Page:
Our readers may have seen recent CNY stories about the missions taking place in parish clusters across the archdiocese. Or perhaps you have noticed the mission schedules printed in each issue for the past few months. The listing is on Page 13 of this edition.
Each parish in the archdiocese will take part in three-day missions this year and next. The missions, led by priests from various religious orders, are the primary component of Revive: Faith Every Day, an outgrowth of the Making All Things New pastoral planning initiative.
The missions offer an opportunity to hear some good preaching by priests and compelling witness talks by fellow parishioners, receive the sacraments of reconciliation and anointing of the sick, and participate in Mass. They will continue until the middle of June before a summer break.
Cardinal Dolan, in a video announcing the missions, said the Church used to be able to assume Catholics would show up for Mass. Automatic participation is no longer assured in a world where people don’t turn to religion as frequently, or at all, for the answers to life’s questions, the cardinal added.
Naturally, a big key to Revive is offering people the invitation to participate. As the cardinal put it, “Join us to bring our focus back to Jesus.”
Last week, I spoke to Daniel Frascella, the director of adult faith formation in the archdiocese, whose office is in charge of planning and organizing the missions.
“We’ve seen some stronger than expected turnouts in some places,” said Frascella, citing participation rates at some Bronx missions last month and at the mission at Our Lady Star of the Sea Church on Staten Island earlier in April.
We also discussed another Revive program in the works later this month. On Saturday, April 29, there will be an Archdiocesan Day of Service involving hundreds of volunteers at regional sites throughout the archdiocese.
Archdiocesan Catholic Charities, which is marking its centennial this year, will coordinate the volunteers at various service sites, many of which are agencies affiliated with Catholic Charities.
Frascella said the missions have provided a “spiritual boost” for many parishioners. An outlet for service just seemed like a natural outgrowth of the missions, he said.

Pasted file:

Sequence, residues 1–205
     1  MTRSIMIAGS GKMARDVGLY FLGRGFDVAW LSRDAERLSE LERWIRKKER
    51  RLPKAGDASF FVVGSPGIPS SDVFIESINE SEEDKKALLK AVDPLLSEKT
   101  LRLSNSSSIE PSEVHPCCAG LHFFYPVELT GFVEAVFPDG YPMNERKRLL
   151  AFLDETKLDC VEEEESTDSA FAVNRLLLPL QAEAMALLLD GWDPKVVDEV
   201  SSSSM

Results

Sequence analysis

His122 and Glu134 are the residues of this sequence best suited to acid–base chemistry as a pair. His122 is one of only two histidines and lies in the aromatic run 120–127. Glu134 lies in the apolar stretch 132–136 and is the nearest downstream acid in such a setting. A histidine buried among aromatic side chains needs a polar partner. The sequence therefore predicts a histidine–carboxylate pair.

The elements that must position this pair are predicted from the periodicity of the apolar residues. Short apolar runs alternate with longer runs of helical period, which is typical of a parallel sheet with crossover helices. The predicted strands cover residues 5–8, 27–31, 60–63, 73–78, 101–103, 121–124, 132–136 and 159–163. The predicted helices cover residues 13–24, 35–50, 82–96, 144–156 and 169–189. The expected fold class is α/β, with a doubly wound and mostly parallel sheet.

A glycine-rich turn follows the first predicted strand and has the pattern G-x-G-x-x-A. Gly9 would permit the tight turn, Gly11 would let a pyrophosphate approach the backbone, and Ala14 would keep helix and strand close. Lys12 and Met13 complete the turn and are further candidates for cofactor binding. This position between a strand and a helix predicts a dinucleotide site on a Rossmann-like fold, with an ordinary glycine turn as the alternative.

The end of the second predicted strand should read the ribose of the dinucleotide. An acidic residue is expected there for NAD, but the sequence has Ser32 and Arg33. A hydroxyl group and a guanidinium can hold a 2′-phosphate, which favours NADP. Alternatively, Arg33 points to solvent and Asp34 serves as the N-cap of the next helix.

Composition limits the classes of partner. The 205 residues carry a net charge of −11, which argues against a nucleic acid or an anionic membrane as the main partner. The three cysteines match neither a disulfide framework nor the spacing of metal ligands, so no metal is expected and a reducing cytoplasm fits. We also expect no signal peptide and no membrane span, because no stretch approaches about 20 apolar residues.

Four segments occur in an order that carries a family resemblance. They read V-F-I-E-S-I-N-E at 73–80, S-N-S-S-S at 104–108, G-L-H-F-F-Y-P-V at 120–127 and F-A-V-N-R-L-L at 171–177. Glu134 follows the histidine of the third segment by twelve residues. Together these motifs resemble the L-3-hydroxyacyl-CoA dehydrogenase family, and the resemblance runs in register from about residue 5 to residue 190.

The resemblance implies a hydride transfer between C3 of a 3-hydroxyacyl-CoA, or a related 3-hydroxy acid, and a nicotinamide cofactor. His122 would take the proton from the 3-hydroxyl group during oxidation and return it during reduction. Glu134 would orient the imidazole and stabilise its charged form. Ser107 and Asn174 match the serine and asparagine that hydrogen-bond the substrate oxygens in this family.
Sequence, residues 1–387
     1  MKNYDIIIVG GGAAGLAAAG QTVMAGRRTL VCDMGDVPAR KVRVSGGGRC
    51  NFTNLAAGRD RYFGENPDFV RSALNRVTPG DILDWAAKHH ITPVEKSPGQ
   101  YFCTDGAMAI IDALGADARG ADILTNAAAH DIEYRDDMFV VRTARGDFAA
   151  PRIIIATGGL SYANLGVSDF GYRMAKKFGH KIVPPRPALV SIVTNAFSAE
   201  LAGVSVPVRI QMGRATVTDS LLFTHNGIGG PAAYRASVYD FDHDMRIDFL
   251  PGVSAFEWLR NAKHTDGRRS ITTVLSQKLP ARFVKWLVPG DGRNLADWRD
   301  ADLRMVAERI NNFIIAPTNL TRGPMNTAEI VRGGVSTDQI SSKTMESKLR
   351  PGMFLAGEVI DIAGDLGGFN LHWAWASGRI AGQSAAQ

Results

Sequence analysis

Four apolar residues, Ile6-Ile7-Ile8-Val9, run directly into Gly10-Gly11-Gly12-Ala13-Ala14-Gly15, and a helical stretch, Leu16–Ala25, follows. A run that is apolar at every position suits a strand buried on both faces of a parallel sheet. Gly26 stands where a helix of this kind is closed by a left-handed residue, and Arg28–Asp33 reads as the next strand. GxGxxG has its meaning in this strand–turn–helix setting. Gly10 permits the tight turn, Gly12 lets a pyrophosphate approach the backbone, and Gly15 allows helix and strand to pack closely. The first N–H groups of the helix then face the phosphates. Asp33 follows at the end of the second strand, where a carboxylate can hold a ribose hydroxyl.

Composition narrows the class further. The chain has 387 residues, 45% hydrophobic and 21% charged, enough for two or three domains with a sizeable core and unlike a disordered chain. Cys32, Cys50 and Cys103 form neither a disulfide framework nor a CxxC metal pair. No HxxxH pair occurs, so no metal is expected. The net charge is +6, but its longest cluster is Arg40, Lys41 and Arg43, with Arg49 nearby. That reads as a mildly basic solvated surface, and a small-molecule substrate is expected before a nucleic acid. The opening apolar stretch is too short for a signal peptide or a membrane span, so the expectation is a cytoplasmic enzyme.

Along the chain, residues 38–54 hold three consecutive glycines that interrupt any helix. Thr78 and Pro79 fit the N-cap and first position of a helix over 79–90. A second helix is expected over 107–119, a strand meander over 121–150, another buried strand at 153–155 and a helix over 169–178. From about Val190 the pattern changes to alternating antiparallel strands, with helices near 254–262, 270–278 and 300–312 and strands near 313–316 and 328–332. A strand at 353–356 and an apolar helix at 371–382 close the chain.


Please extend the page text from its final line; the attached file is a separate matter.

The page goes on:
“The idea is that our faith impacts us all the time, and it guides what we do,” he said. “One of the ways you can live your faith every day is through service.”
Philip Dorian and Staci Bruce eagerly provided me with the Catholic Charities perspective on the Day of Service. Dorian is senior director for federation advancement and Ms. Bruce is director of volunteer services.
They gave a good rundown of the sites and the tasks to be performed. Recruitment of volunteers began this week, so there are slots for parishioners who want to help.
Here’s a thumbnail sketch of the projects:
At the Merriam Playground in the Highbridge section of the Bronx, about 150 volunteers were needed (as of April 7) for various projects including repainting handball courts, lawn restoration and litter removal. Around the corner at Mosaic Success Garden, volunteers will help to build a shed, install wire fencing for a spring gardening project and remove litter.
At the Lt. Joseph P. Kennedy Jr. Memorial Community Center in Harlem, 125 volunteers are needed for painting projects, one for adults and a second for kids. The works will hang in Beacon of Hope residences for adults with mental illnesses.
No artistic ability is required, but a good attitude is key. “A lot of people do it for fun,” Ms. Bruce said. “Everyone has their own style. They are shocked that it comes out so nicely.”
Encore Community Services, based at St. Malachy’s parish in Manhattan, needs six people to pack and deliver food to homebound seniors within a 15-block radius of its midtown location.
Sorting donations and filling the shelves at a food pantry will require 25 folks at Charities’ Ulster County Community Center in Kingston.
Another art project, this one a 6’x4’ mural, will hang from a conference room wall in Charities’ office in Brewster. Twenty painters are being sought.
On Staten Island, 20 volunteers are needed to play an afternoon of board games with Beacon of Hope residents there.
Catholic Charities has a network of people who assist with various endeavors. Dorian said Charities is glad to partner with Revive for the Day of Service and believes that it is a perfect initiative for Charities’ centennial year. “It’s a great experience for both of us,” he said.
If you would like to serve as a volunteer for the Day of Service, you may sign up online at faitheveryday.com/volunteer